Immediately upon the defendant's arrest, the police advised him of his constitutional rights and the defendant initialed a card attesting to that fact. The defendant was then taken for questioning to Troop C headquarters in Stafford Springs. During the subsequent interrogation, the defendant acknowledged that he was a homosexual, that he kept homosexual magazines in his car, and that, on the previous November 9, he had picked up a hitchhiker on Route 195 and had driven him to Storrs. The defendant denied, however, having had a gun in his car or in any other way having committed the crimes with which he was charged.

In appealing from the judgment of conviction, the defendant has raised seven claims of error. He alleges that the trial court erroneously: (1) admitted the defendant's incriminatory statements into evidence; (2) limited the defendant's cross-examination of Sergeant Griffin; (3) admitted the defendant's uncharged prior acts of misconduct into evidence; (4) admitted hearsay testimony of out-of-court identifications of the defendant into evidence; (5) admitted a composite drawing into evidence; (6) admitted a weapon seized from the defendant's apartment into evidence; and (7) admitted a homosexual magazine seized from the defendant's house into evidence. We may conveniently consider jointly the defendant's first two claims, which have constitutional implications, and then his remaining evidentiary claims. We find no error.

I

The defendant's first two claims of error relate to his challenge of the voluntariness of the incriminatory statements that he made to the state police. He first claims that the trial court erred in admitting into evidence the oral statements that he had made to Sergeant Griffin during the custodial interrogation that immediately followed his arrest on February 4, 1986. These statements were inadmissible, according to the defendant, because, although he had been warned of his constitutional privilege against self-incrimination in accordance with the rules laid down in Miranda v. Arizona, 384 U.S. 436, 478-79, 86 S.Ct. 1602, 1630, 16 L.Ed.2d 694 (1966), 4 he had not knowingly, intelligently and voluntarily waived his constitutional privilege. His second claim is that the trial court unduly limited his cross-examination of Griffin concerning his alleged waiver of his constitutional rights. We find no error in either of these rulings.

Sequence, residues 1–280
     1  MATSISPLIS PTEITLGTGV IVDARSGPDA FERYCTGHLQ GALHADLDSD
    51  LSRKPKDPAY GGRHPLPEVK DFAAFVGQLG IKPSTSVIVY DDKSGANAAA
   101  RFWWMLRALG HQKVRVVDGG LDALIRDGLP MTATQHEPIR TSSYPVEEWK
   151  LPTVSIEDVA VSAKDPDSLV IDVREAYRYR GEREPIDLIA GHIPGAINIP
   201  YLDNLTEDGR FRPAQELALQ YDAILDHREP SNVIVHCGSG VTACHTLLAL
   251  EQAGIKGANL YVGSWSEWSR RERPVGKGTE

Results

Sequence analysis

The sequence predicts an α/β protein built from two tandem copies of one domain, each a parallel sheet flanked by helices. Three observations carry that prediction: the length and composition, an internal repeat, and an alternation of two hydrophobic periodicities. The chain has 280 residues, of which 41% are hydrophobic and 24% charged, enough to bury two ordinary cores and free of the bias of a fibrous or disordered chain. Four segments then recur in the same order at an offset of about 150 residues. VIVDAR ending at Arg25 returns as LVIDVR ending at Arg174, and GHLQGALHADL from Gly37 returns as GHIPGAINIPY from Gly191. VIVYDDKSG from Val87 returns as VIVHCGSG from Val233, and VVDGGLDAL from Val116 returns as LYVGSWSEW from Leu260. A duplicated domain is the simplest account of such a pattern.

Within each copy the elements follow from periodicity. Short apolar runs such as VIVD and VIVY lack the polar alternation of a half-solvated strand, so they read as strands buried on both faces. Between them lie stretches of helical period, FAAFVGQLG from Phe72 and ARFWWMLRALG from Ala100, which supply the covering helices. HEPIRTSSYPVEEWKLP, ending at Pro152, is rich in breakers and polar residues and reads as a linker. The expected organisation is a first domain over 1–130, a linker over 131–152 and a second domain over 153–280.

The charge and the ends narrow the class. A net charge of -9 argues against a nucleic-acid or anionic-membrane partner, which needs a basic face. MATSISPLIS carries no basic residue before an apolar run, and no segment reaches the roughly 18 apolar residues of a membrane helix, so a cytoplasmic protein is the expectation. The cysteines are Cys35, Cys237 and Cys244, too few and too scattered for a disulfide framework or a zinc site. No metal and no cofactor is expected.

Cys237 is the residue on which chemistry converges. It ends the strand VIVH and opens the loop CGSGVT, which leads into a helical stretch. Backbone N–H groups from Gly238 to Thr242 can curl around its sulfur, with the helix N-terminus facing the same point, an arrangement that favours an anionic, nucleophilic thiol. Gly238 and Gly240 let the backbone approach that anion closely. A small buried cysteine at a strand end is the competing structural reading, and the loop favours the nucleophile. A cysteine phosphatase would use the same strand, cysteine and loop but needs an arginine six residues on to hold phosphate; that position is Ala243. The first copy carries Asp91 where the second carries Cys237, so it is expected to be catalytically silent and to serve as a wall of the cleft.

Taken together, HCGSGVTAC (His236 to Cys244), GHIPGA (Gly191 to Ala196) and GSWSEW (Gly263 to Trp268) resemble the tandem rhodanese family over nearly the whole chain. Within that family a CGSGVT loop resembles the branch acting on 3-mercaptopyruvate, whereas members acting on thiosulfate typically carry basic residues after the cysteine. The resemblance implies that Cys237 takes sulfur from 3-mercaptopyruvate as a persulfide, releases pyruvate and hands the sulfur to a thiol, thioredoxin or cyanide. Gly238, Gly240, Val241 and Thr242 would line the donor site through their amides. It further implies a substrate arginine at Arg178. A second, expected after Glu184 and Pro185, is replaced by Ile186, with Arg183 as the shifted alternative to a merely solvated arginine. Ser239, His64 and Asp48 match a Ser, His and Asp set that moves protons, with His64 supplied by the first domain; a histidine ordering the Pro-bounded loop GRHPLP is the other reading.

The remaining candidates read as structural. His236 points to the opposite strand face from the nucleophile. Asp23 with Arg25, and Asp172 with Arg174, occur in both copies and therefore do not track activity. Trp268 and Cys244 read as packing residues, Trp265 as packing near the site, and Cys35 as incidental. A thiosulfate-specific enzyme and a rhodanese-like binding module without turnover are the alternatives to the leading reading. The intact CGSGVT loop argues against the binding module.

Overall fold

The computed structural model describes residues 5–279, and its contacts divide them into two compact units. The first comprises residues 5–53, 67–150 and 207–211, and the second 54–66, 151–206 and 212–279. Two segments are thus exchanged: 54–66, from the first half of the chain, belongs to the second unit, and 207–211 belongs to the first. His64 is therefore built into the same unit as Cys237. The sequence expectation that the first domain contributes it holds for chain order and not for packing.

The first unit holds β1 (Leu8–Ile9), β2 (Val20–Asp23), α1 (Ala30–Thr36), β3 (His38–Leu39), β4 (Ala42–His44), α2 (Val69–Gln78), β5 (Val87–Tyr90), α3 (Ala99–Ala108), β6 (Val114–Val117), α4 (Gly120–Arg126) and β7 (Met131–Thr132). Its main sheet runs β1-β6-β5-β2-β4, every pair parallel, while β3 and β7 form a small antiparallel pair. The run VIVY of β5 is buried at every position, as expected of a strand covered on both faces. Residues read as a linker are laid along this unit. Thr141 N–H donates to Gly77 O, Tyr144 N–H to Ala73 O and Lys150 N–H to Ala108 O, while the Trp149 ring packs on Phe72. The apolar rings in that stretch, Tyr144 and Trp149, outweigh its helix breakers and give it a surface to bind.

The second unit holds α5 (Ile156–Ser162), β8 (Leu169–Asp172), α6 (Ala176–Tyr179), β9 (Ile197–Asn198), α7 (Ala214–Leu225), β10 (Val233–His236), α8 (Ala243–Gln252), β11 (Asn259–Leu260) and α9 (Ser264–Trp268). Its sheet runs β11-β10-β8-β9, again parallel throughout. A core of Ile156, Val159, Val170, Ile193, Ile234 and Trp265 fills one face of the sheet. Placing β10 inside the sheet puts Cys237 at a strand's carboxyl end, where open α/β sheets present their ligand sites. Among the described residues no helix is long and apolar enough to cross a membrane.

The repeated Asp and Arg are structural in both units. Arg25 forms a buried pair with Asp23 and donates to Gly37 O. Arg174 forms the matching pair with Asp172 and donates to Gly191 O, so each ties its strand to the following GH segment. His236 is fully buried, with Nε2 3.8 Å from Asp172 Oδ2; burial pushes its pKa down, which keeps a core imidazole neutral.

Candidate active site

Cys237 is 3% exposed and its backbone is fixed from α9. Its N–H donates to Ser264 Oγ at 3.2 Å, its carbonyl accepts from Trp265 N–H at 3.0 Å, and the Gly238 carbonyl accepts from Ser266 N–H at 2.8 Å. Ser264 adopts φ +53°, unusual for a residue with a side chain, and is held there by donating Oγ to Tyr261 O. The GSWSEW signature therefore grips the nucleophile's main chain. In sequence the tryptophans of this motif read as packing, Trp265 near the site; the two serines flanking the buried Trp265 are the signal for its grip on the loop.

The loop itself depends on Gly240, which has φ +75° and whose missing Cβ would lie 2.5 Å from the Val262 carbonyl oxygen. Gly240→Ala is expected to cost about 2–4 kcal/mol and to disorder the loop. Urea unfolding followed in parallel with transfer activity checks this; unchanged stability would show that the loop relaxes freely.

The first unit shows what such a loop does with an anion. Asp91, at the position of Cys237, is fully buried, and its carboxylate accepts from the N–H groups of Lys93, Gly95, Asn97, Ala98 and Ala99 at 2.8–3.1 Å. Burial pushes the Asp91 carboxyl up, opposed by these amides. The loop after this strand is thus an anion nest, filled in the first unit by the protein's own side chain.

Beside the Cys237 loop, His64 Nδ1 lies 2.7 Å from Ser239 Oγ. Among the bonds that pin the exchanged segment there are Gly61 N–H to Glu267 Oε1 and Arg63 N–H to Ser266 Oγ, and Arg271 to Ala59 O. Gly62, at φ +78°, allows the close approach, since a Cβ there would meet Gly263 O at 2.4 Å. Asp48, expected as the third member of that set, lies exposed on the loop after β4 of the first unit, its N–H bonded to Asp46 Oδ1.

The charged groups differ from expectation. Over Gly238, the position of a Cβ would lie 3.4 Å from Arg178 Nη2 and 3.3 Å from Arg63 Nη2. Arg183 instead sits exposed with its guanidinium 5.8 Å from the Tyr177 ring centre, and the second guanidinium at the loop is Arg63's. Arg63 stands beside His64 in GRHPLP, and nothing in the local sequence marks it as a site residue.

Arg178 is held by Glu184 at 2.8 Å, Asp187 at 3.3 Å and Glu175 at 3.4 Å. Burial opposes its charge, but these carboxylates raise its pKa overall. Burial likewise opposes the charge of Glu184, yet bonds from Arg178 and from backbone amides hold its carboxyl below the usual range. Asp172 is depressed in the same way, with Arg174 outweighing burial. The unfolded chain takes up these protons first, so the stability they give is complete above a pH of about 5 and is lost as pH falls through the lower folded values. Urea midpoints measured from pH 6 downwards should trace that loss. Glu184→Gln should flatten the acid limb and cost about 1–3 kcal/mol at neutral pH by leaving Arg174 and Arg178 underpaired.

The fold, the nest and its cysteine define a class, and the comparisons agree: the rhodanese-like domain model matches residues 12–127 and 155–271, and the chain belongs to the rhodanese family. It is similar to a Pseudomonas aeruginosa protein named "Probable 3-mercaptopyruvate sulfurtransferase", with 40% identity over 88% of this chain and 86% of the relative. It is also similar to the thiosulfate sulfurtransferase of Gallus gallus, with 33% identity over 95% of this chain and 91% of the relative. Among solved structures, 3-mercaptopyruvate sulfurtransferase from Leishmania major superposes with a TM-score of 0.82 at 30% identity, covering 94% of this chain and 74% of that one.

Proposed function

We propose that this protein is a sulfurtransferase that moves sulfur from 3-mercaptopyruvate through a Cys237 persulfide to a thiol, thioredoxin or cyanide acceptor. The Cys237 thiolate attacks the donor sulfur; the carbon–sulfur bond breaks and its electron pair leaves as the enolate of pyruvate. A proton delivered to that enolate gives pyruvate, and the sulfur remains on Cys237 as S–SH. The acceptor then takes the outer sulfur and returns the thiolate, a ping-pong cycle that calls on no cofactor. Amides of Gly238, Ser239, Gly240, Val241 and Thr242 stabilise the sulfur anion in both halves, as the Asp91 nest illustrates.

The state bears the burden of proving, by a preponderance of the evidence, that a defendant has knowingly, intelligently and voluntarily waived the rights that inhere in the privilege against self-incrimination. Lego v. Twomey, 404 U.S. 477, 489, 92 S.Ct. 619, 626-27, 30 L.Ed.2d 618 (1972); State v. Boscarino, 204 Conn. 714, 743, 529 A.2d 1260 (1987); State v. Hernandez, 204 Conn. 377, 395, 528 A.2d 794 (1987); State v. Gray, 200 Conn. 523, 533, 512 A.2d 217, cert. denied, --- U.S. ----, 107 S.Ct. 423, 93 L.Ed.2d 373 (1986). By admitting the defendant's custodial statements into evidence, the trial court implicitly determined, as a finding of fact, not only that the defendant had been adequately warned about his Miranda rights but also that he had properly waived these rights. 5 Because the finding of waiver implicates important constitutional rights, our review of this finding of fact requires us to undertake "a scrupulous examination of the record to ascertain whether such a finding is supported by substantial evidence." State v. Frazier, 185 Conn. 211, 219, 440 A.2d 916 (1981), cert. denied, 458 U.S. 1112, 102 S.Ct. 3496, 73 L.Ed.2d 1375 (1982); State v. Hernandez, supra; State v. Harris, 188 Conn. 574, 580, 452 A.2d 634 (1982), cert. denied, 460 U.S. 1089, 103 S.Ct. 1785, 76 L.Ed.2d 354 (1983).